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Fertility

Researchers at The Miami Project are studying the potential causes of fertility issues among men who have sustained a spinal cord injury. Most men, but typically not women, experience infertility because of impaired erectile function, an inability to ejaculate, and poor semen quality.  Although sperm count tends to be normal, semen quality is impaired, with very little motility and low viability.

Two areas of focus for fertility researchers at The Miami Project are to improve semen retrieval and semen quality.  Research shows that when the semen is obtained by “penile vibratory stimulation” rather than electroejaculation (an internal electrical stimulus), sperm motility is better.  Recently, researchers at The Miami Project have found that poor sperm quality is caused by inflammatory proteins in the semen.  Exciting new research indicates that sperm motility may be improved with a treatment that inhibits these inflammatory proteins.

Male Fertility Following Spinal Cord Injury: A Guide for Patients

This guide was originally published in 2000 and, thankfully, there have been many advances since then. This booklet provides information about changes in male sexual function and fertility that may accompany spinal cord injury (SCI), and outlines the options available to deal with such changes. It is our hope that the information contained in this updated edition of our booklet can be used as a talking point for individuals and their medical professionals.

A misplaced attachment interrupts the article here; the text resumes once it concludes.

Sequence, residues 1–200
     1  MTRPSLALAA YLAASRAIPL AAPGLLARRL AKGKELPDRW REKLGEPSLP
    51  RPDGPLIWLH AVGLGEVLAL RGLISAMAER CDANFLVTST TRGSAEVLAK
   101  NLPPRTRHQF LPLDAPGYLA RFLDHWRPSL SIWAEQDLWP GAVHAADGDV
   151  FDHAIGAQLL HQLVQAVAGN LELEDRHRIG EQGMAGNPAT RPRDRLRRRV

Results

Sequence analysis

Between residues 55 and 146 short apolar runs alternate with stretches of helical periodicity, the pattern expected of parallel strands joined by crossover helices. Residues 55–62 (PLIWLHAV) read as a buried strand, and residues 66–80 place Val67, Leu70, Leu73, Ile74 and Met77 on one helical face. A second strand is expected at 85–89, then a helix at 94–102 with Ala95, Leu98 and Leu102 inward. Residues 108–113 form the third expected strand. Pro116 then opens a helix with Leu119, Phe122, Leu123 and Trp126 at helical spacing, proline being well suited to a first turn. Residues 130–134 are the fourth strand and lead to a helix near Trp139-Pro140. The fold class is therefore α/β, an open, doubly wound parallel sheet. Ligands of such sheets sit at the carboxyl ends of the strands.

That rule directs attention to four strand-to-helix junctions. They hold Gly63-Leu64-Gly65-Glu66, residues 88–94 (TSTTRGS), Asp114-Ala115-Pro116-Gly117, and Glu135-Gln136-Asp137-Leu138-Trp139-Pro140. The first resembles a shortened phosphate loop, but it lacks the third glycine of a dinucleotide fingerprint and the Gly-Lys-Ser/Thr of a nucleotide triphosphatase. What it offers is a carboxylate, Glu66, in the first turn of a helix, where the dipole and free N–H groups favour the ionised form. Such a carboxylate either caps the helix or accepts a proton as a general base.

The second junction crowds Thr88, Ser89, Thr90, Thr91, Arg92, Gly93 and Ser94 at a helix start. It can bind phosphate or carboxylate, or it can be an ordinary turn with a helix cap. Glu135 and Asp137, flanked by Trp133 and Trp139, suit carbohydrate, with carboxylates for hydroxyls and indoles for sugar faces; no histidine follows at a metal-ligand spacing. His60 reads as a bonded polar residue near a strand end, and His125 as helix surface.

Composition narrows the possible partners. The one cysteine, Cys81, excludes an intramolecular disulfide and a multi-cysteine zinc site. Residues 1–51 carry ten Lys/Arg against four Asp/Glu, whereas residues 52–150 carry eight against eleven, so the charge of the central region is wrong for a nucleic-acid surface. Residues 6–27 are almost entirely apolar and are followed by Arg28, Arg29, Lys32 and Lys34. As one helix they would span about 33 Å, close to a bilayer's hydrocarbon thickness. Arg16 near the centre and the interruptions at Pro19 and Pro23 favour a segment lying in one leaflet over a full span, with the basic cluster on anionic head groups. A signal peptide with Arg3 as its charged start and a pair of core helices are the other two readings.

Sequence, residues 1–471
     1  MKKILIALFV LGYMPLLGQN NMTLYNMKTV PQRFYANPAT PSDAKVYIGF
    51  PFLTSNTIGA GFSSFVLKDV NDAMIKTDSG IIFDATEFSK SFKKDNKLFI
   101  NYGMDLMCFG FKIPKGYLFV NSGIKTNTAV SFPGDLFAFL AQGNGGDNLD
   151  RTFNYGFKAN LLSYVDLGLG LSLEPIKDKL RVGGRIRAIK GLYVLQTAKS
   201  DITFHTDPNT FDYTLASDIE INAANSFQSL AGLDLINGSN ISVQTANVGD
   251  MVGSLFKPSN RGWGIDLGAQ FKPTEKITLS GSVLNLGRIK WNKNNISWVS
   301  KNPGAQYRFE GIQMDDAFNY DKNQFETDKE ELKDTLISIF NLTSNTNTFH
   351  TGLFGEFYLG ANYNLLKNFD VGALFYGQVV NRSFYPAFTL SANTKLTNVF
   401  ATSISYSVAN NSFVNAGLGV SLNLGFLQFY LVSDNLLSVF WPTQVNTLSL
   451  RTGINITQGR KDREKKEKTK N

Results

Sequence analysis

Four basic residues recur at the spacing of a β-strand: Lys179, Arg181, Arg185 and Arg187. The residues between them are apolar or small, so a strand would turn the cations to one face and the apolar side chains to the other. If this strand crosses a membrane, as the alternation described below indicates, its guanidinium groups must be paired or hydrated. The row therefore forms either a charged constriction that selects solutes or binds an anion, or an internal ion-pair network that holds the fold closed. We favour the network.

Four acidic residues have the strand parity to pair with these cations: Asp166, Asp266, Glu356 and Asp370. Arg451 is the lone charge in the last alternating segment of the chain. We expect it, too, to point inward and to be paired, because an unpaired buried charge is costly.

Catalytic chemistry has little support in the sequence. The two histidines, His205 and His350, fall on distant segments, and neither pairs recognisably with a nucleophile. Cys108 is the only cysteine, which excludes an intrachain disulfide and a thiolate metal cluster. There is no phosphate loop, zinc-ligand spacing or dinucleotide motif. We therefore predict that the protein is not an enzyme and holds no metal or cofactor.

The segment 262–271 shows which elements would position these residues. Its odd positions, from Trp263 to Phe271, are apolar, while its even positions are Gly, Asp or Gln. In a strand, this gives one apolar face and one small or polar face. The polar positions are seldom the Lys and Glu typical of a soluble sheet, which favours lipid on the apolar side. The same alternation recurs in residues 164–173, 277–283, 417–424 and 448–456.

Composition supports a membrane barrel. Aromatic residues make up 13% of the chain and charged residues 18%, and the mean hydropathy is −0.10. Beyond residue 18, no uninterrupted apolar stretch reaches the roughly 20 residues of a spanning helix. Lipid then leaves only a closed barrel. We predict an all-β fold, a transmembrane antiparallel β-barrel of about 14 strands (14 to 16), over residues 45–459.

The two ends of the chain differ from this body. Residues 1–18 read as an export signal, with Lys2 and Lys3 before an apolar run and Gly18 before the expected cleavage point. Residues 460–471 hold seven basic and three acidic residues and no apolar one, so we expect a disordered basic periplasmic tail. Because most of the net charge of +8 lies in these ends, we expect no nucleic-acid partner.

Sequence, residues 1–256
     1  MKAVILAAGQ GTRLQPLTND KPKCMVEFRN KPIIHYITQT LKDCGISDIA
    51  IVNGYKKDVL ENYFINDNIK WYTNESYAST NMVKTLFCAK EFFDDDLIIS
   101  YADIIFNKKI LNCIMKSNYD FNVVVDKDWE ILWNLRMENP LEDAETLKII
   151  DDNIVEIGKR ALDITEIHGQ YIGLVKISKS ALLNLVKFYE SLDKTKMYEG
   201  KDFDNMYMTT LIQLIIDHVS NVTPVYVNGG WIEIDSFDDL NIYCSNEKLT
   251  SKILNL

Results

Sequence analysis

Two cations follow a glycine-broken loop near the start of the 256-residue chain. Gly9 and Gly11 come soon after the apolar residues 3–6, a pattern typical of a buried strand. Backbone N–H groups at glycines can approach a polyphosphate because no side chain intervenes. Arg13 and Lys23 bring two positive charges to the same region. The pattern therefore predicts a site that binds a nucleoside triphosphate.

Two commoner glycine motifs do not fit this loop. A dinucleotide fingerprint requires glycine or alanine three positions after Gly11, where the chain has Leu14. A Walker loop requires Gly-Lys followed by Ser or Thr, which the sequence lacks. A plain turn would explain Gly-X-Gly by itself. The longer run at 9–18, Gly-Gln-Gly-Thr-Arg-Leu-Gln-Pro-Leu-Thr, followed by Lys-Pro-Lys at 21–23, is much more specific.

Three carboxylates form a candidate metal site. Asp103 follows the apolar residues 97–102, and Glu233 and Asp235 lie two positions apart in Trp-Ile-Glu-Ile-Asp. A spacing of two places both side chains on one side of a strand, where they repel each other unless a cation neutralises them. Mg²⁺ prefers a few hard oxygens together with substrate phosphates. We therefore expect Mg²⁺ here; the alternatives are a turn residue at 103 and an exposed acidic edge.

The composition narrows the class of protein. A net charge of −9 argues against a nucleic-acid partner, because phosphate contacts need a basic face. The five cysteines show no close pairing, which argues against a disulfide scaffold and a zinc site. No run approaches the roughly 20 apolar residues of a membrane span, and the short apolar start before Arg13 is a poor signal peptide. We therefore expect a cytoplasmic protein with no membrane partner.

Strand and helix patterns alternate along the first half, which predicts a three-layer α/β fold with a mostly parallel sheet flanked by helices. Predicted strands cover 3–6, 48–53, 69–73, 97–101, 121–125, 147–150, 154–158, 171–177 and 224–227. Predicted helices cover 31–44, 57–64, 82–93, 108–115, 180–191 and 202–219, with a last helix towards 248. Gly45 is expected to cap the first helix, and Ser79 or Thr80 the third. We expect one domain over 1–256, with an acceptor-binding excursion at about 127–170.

Initiated in 1990 by Drs. Richard P. Bunge and Nancy L. Brackett, The Miami Project’s Male Fertility Research Program was formed to understand and improve impairments to male fertility that result from SCI. When the program was created, little was known about this topic. It was not known that most men with SCI have a unique semen profile characterized by normal sperm numbers, but abnormally low sperm motility. It was not known that toxic factors in the seminal plasma contribute to this problem. An algorithm of treatment had not yet been established. Physicians and scientists in the Male Fertility Research Program have made these discoveries as well as many more. The Miami Project Male Fertility Research Program is now widely recognized as the world leader in this field. Before this program started, men with SCI were often told: “You will never father children.” Now, most men with SCI can expect not only to father children, but to be provided with a treatment plan optimized for their needs. Since its inception, over 500 men have participated in the Male Fertility Research Program and over 200 babies have been born to couples through the program. The work of the Male Fertility Research Program continues to improve the quality of life for countless men with spinal cord injury and their loved ones.